Yang Chen, with the War Related Illness and Injury Study Center at the Veterans Affairs New Jersey Health Care System, was first author on a study that found mitochondrial DNA damage in Veterans with Gulf War illness. Photo: Mitch Mirkin

Gulf War Syndrome is one of the medical mysteries of our time. Thousands of veterans of the 1990-1991 conflict have debilitating fatigue, insomnia, cognitive problems, and headaches – but there’s never been a definitive explanation, diagnostic – or treatment.

But the damage has now been identified in the DNA of affected veterans – potentially leading to cures, reports a team of scientists from Rutgers Medical School and the Veterans Affairs New Jersey Health Care System in the online journal PLoSONE.

The deepest dive into the mitochondrial DNA may help explain how elusive the symptoms are, they write.

“Mitochondrial dysfunction among veterans with (Gulf War Illness) may help explain, in part, the persistence of this illness for over 25 years,” they write. “Chemical and environmental exposures during deployment may have provided the initial insult to mtDNA and accumulation of damage.

“Damaged mtDNA may subsequently impact the efficiency of electron transport chain complexes and activity, resulting in enhanced reactive oxygen species and further damage of mtDNA,” they write.

The team noted that symptoms of the affliction appeared to resemble mitochondrial disorders, so they hypothesized they could find its root causes there (no standard laboratory or medical diagnostics current exist).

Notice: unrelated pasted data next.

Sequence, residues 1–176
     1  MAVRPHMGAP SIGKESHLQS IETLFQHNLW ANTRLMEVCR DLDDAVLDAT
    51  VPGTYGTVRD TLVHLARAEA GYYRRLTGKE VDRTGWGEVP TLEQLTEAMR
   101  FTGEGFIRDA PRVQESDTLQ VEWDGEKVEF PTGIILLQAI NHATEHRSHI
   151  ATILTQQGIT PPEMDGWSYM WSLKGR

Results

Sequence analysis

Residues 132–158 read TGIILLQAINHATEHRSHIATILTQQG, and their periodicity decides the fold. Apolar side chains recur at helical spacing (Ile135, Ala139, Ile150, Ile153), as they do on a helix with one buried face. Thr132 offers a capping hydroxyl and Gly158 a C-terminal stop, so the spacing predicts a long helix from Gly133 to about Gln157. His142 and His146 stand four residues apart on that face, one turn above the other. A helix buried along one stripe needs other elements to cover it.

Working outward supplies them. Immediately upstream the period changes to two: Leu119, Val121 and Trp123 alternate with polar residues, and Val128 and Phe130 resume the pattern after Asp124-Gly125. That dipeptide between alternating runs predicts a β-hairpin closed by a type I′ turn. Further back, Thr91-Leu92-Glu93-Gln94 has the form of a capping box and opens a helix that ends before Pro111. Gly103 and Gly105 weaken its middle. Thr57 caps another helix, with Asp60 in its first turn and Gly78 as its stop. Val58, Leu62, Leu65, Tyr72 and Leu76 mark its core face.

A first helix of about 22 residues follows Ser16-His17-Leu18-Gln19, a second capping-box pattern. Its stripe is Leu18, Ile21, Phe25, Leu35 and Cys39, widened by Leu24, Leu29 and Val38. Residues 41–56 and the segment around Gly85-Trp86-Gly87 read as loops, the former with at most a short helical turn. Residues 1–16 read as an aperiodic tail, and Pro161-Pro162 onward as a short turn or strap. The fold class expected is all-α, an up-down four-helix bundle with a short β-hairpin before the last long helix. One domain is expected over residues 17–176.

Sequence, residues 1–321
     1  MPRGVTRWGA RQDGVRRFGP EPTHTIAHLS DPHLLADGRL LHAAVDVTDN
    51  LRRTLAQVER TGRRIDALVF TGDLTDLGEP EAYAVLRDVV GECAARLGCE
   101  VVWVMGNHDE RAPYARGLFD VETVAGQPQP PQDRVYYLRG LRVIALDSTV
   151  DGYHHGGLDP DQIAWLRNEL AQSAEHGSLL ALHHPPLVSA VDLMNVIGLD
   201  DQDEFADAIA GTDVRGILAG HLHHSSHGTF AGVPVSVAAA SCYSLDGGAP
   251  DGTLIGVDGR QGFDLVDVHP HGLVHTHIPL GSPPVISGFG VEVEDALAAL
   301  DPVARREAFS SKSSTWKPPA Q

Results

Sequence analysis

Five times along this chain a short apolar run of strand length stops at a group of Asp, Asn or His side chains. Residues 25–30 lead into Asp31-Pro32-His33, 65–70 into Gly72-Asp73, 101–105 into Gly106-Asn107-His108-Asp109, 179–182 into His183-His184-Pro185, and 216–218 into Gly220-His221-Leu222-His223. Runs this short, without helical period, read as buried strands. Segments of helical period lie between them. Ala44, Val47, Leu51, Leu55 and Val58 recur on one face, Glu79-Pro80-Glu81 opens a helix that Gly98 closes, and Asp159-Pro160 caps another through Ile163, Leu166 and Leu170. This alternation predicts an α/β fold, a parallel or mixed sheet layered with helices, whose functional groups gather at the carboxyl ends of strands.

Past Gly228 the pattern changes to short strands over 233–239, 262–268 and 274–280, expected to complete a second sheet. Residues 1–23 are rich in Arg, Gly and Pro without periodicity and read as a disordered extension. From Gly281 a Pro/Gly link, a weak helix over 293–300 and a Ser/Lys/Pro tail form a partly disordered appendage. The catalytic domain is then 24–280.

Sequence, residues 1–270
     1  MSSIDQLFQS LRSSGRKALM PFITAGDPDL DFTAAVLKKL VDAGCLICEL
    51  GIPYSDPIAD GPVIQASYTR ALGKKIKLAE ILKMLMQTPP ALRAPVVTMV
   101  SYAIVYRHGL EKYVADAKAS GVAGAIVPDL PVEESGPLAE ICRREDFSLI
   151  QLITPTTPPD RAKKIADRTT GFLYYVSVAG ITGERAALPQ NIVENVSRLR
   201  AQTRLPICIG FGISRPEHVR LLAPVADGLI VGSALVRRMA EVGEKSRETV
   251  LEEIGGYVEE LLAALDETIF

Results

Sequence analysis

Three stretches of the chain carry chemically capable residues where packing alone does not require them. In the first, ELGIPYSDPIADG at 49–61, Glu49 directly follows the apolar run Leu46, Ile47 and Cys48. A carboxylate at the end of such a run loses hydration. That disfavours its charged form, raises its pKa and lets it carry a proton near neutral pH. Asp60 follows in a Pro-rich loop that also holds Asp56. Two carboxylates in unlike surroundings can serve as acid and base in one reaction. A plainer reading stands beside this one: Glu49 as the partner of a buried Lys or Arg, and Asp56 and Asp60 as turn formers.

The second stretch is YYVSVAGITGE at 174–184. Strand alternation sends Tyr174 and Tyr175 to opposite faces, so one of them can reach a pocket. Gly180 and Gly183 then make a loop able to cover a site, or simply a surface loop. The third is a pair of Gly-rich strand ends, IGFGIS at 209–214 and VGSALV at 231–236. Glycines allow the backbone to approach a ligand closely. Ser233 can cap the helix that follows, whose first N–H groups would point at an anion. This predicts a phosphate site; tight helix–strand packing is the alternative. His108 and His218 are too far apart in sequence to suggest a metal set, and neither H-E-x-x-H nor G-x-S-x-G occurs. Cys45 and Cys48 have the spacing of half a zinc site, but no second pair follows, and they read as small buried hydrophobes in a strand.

Twenty-one sufferers of GWI and seven controls were assessed for damage and erroneous copies using a QPCR-based assay. Damage was expected to inhibit or stop outright the polymerase progressions, and produce less PCR product.

In the mitochondrial DNA, they found more lesions and more extra copies of genes in the GWI sufferers. (They also found similar errors and damage in the nuclear DNA – though not to a statistically-significant level).

The damage to the mitochondria, which are the energy powerhouses of the cells, could explain the fatigue in the sufferers, they add.

A previous Department of Defense-funded study in 2014 found the first direct evidence of mitochondrial damage in GWI, they add. But the Rutgers/VA work expanded the number of veterans whose DNA was scrutinized.

The VA has recently launched a trial to treat GWI-suffering veterans with ubiquinol, a coenzyme Q 10, to see if symptoms improve. Some 200 veterans are being recruited for that double-blind placebo study.

The genesis of the Gulf War affliction continues to be a mystery. This summer a Drexel University team identified a potential cause: that organophosphate nerve agents like sarin and cyclosarin were released into the environment when Coalition forces blew up an Iraqi ammunition depot during the fighting. The Drexel team also proposed a potential enzyme inhibitor as treatment. A collaboration between Drexel and Boston University, and funded by the DOD, involves creating a human stem cell repository for GWI sufferers.

An estimated 250,000 troops have suffered from GWI, according to some estimates.